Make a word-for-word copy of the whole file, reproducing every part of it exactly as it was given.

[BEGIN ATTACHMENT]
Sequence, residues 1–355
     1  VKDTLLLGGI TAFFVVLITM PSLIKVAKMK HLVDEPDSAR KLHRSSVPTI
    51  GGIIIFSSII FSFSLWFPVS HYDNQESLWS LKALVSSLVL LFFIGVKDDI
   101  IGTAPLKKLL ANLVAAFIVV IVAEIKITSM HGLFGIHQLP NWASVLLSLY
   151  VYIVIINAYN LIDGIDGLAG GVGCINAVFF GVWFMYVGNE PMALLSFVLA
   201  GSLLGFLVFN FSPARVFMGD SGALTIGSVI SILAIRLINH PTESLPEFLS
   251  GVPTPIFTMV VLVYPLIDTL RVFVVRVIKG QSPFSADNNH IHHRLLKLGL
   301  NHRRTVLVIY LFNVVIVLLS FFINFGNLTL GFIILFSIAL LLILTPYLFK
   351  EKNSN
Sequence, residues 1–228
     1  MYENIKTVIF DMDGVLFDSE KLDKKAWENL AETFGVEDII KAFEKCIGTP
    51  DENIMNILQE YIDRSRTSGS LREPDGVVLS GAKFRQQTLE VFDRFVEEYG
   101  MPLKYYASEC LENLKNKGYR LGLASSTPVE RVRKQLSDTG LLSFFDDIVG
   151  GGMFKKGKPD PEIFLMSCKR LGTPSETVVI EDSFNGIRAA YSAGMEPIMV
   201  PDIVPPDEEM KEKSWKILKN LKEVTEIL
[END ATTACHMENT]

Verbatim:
Sequence, residues 1–355
     1  VKDTLLLGGI TAFFVVLITM PSLIKVAKMK HLVDEPDSAR KLHRSSVPTI
    51  GGIIIFSSII FSFSLWFPVS HYDNQESLWS LKALVSSLVL LFFIGVKDDI
   101  IGTAPLKKLL ANLVAAFIVV IVAEIKITSM HGLFGIHQLP NWASVLLSLY
   151  VYIVIINAYN LIDGIDGLAG GVGCINAVFF GVWFMYVGNE PMALLSFVLA
   201  GSLLGFLVFN FSPARVFMGD SGALTIGSVI SILAIRLINH PTESLPEFLS
   251  GVPTPIFTMV VLVYPLIDTL RVFVVRVIKG QSPFSADNNH IHHRLLKLGL
   301  NHRRTVLVIY LFNVVIVLLS FFINFGNLTL GFIILFSIAL LLILTPYLFK
   351  EKNSN
Sequence, residues 1–228
     1  MYENIKTVIF DMDGVLFDSE KLDKKAWENL AETFGVEDII KAFEKCIGTP
    51  DENIMNILQE YIDRSRTSGS LREPDGVVLS GAKFRQQTLE VFDRFVEEYG
   101  MPLKYYASEC LENLKNKGYR LGLASSTPVE RVRKQLSDTG LLSFFDDIVG
   151  GGMFKKGKPD PEIFLMSCKR LGTPSETVVI EDSFNGIRAA YSAGMEPIMV
   201  PDIVPPDEEM KEKSWKILKN LKEVTEIL